California’s death row dilemma

Of the 2,943 inmates awaiting the death penalty in the United States, California’s 743 condemned inmates are by far the most of any state. Of the 30 states that allow executions, Florida (396) and Texas (263) are the only others with more than 200 death row prisoners. The death penalty has been abolished or overturned in 20 states and is under gubernatorial bans in four others, according to the nonprofit Death Penalty Information Center.

Last week, the Delaware Attorney General’s office announced that it will not appeal its Supreme Court’s ruling earlier this month striking down its death penalty statute on the basis that the capital sentencing procedures were unconstitutional. The fate of Delaware’s 13 prisoners currently facing death sentences remains unclear.

In California, the last inmate put to death was a decade ago — Clarence Ray Allen in January 2006. Since then, the state’s death penalty procedures have been the subject on ongoing legal challenges to how the lethal drugs are administered, effectively producing a moratorium on capital punishment.

Meanwhile, nearly 750 convicted killers in California are serving time in a broken system that was never intended to provide a permanent home for them. Nevertheless, since 1978, far more have died of natural causes or by suicide than the 13 who have been killed by the state.

Critics of capital punishment pose convincing concerns over the justice system’s racial bias, conviction errors, the cost and timeline of appeals, litigation over administering lethal drugs and the constitutional, ethical and civil rights implications of state-sanctioned killing, even for the most egregious of crimes.

The nonpartisan Legislative Analyst’s Office reports that death row inmates face a wait of five years just to be assigned a lawyer, and appeals can drag on for two decades. The DPIC points to a study that found Californians convicted of murdering white people were more than three times more likely to be sentenced to death than those who killed blacks and more than four times more likely than those convicted of killing Latinos. Since 1973, the DPIC also reports, more than 150 death row inmates in the U.S. have been exonerated, including three in California.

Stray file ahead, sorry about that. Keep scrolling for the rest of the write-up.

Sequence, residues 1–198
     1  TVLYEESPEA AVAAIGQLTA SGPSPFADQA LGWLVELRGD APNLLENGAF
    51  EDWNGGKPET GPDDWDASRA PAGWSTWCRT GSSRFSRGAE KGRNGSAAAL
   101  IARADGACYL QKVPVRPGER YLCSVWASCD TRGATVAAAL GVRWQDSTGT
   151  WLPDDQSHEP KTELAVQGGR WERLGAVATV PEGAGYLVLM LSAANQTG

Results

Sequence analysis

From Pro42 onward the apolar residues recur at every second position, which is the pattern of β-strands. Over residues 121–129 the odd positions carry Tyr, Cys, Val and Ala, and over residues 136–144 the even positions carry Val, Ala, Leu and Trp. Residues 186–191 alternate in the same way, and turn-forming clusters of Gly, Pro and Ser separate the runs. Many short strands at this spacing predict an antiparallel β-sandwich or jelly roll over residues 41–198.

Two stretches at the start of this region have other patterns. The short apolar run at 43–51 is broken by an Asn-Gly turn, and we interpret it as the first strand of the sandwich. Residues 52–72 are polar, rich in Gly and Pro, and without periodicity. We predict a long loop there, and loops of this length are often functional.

This past week, a reporter and photographer from the San Francisco Examiner were given access to San Quentin State Prison to talk with inmates about life on death row. The reporting team roamed the cells of the East Block and was allowed to talk freely with prisoners.

Serial killer Wayne Adam Ford said he never imagined he would be stuck on death row nearly two decades later. “I was completely for the death penalty before I came in here,” Ford, now 54, told the Examiner. “[And] to tell you the truth, I would have rather been killed a long time ago rather than spend the last 18 years in solitary confinement.”

San Francisco native Joey Perez, 45, was one of the condemned men locked alone in rows of empty cages with nothing but pull-up bars inside. He was convicted of a murder in 1998.

“I’m in an 8-by-10 dog kennel,” Perez said. “I’m like a rabid beast. This is a dog kennel. This is a miserable-ass life.”

Most of the men who spoke to the Examiner reported frustration at the slow pace of appeals and what they perceive as a criminal justice system in need of reform.

“I’m going to die in prison,” Perez said. “My only fear in life is dying in prison.”

This November, California voters face the latest attempt to fix this. (The last was in 2012, when Proposition 34, which would have changed death penalty sentences to life in prison, failed 48 percent to 52 percent.) This fall, two death penalty measures — with competing aims — have qualified for the ballot.

Proposition 62 argues that the state could save some $150 million a year by repealing the death penalty while also ending the lengthy appeals process. The measure counts among its proponents Lt. Gov. and former San Francisco Mayor Gavin Newsom and the Bar Association of San Francisco.

The best argument against the death penalty and for the passage of Prop. 62 this year is that government must function to value and preserve life whenever possible, even among those who have acted unforgivably to the contrary. Beyond arguments of cost savings and critiques of a biased justice system, a civilized society must stand against institutionalized brutality and murder.

The other measure, Proposition 66, also cites economic savings — potentially in the tens of millions annually in court costs and fewer prisoners — in reforming the appeals process to speed up executions. This would lead California on a dark and savage course.

For decades, public opinion polls have reflected a majority of Californians favor the death penalty, but the margins are shrinking. Will this be the year that tips the scale?

Michael Howerton is editor in chief of the San Francisco Examiner.

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